Neural correlates of visual crowding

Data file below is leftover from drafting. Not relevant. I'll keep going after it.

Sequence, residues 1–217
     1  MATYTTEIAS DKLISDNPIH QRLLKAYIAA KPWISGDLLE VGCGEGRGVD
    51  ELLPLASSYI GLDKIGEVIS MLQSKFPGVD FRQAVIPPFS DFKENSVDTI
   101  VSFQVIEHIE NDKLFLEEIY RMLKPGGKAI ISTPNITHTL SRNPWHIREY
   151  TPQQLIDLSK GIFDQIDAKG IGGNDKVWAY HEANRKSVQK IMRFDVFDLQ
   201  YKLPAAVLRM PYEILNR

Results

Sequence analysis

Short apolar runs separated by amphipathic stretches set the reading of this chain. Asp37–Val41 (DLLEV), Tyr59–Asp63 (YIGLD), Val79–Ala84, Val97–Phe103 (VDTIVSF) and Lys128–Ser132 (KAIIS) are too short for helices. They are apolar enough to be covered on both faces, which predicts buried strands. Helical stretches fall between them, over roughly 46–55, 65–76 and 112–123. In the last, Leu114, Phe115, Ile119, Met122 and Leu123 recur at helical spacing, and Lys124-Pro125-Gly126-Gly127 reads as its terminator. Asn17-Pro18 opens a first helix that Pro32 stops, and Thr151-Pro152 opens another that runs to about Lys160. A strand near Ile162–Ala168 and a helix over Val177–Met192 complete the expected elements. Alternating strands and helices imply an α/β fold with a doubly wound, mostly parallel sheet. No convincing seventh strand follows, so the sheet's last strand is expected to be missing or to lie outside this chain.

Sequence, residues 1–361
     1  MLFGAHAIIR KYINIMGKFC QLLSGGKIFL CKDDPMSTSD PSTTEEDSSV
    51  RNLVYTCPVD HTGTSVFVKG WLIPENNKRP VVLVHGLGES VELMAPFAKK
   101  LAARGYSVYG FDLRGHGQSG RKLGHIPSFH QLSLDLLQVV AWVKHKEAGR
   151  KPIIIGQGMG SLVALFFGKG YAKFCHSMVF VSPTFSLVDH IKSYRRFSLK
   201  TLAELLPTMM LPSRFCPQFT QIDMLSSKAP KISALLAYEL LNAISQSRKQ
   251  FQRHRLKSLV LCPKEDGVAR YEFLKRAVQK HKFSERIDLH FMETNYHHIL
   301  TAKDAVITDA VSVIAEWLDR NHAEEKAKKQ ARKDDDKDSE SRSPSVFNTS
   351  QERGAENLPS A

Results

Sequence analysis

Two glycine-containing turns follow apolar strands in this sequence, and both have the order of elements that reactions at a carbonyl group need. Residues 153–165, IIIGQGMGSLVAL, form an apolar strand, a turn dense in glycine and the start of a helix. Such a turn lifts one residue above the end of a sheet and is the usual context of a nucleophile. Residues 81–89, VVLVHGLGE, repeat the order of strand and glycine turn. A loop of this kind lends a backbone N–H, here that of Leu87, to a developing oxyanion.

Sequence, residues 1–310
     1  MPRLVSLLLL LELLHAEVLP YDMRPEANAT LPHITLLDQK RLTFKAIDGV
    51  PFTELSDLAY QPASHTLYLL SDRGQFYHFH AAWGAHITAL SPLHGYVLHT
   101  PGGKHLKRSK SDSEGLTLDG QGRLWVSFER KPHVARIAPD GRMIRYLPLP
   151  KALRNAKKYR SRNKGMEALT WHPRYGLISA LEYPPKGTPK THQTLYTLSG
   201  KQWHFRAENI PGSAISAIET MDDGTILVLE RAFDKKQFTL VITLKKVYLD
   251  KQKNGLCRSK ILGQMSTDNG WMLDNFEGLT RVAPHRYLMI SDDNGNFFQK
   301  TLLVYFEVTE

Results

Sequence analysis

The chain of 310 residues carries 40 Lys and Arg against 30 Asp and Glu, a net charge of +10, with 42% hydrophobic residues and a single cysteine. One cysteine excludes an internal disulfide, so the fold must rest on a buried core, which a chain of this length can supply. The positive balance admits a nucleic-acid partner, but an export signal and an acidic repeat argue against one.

In visual crowding, target discrimination strongly deteriorates when flanking elements are added. We have recently shown that crowding cannot be explained by simple low-level interactions and that grouping is a key component instead. We presented a vernier flanked by arrays of vertical lines. When the flankers had the same lengths as the vernier, offset discrimination was strongly impaired. When longer flankers were presented, crowding was weaker. We proposed that crowding is strong when the flankers group with the target (equal length flankers). When the target segregates from the flankers, crowding is weaker (long flankers). To understand the neurophysiological mechanisms of grouping in crowding, here, we adapted the above vernier paradigm to a high-density EEG study. The P1 component reflected basic stimulus characteristics (flanker length) but not crowding. Crowding emerged slowly and manifested as a suppression of the N1 component (after 180ms). Using inverse solutions, we found that the N1 suppression was caused by reduced neural activity in high-level visual areas such as the lateral occipital cortex. Our results suggest that crowding occurs when elements are grouped into wholes, a process reflected by the N1 component.